Glasgow cloud computing firm iomart has named a new chair.

The London-listed company, which provides managed IT services via a portfolio of data centres, welcomes Lucy Dimes to the non-executive role after Ian Steele opted not to stand for re-election.

Dimes has operated in senior executive positions in FTSE 100, FTSE 250 and private equity owned companies spanning telecoms, technology, business services and financial services. 

She has substantial experience in complex, highly regulated international markets in product innovation, market entry, scaling for growth and expansion.

“I am delighted to be joining the board of iomart, a company I have admired for a number of years,” said Dimes. 

“The UK does not have many home-grown technology businesses, and, over the last 20 years since its inception, iomart has evolved to become one of the UK’s largest and most successful independent providers of managed cloud computing services. 

“I welcome this fantastic opportunity to work with Reece and the rest of the Board to help realise the company’s full potential in the future.”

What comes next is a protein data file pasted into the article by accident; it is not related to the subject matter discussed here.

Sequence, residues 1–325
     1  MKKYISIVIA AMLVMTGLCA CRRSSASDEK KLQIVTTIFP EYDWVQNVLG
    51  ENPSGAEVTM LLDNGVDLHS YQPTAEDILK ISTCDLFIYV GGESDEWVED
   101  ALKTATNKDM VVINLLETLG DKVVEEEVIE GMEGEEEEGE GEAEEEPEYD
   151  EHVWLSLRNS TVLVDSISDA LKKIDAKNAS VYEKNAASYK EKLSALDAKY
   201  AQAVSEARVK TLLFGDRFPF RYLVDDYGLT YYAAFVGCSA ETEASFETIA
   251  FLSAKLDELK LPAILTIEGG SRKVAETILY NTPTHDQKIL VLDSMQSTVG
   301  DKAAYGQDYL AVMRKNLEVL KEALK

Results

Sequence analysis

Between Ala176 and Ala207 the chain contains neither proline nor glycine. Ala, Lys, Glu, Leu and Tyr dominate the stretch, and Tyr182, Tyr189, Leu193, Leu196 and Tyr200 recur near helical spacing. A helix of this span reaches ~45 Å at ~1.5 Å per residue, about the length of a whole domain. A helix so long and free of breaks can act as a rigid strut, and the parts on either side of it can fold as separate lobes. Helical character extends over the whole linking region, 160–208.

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Dimes also sits on the board of Babcock International Group plc, the £4 billion turnover defence & aerospace group, and is an advisor to the automation and AI specialist software developer Intelygenz SA. 

She previously sat on the Berendsen plc board, a £1bn turnover textile services business, before it was acquired by Elis SA in 2017.

CEO Reece Donovan said: “We are delighted to welcome Lucy as the new chair of the board of iomart. Her considerable experience and insight will be invaluable to us as we continue to pursue a successful growth strategy. I very much look forward to working with her in the future.”

Iomart, founded in 1998, employs 400 people. 

After recently snapping up Yorkshire-based Concepta Capital in a deal worth a potential £14.5 million, it is eyeing acquisitions having secured a £100m credit facility at the end of last year.

Turnover for the year to the end of March fell by 8% to £103m, while pre-tax profits fell 2% to £12.2m. However iomart cut its debts by more than £13m to £41.3m in the period.